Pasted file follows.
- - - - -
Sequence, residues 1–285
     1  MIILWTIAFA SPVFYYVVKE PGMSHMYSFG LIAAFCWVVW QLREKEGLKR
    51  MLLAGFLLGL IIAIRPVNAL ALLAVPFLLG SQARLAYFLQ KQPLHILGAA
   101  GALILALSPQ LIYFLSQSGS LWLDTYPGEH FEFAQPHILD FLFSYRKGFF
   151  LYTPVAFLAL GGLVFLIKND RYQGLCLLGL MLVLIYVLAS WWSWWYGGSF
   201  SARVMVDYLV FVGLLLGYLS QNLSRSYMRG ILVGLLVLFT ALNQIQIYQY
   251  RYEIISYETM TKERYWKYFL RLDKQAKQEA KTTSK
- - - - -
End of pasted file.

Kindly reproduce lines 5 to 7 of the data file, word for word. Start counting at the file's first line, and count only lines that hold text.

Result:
   151  LYTPVAFLAL GGLVFLIKND RYQGLCLLGL MLVLIYVLAS WWSWWYGGSF
   201  SARVMVDYLV FVGLLLGYLS QNLSRSYMRG ILVGLLVLFT ALNQIQIYQY
   251  RYEIISYETM TKERYWKYFL RLDKQAKQEA KTTSK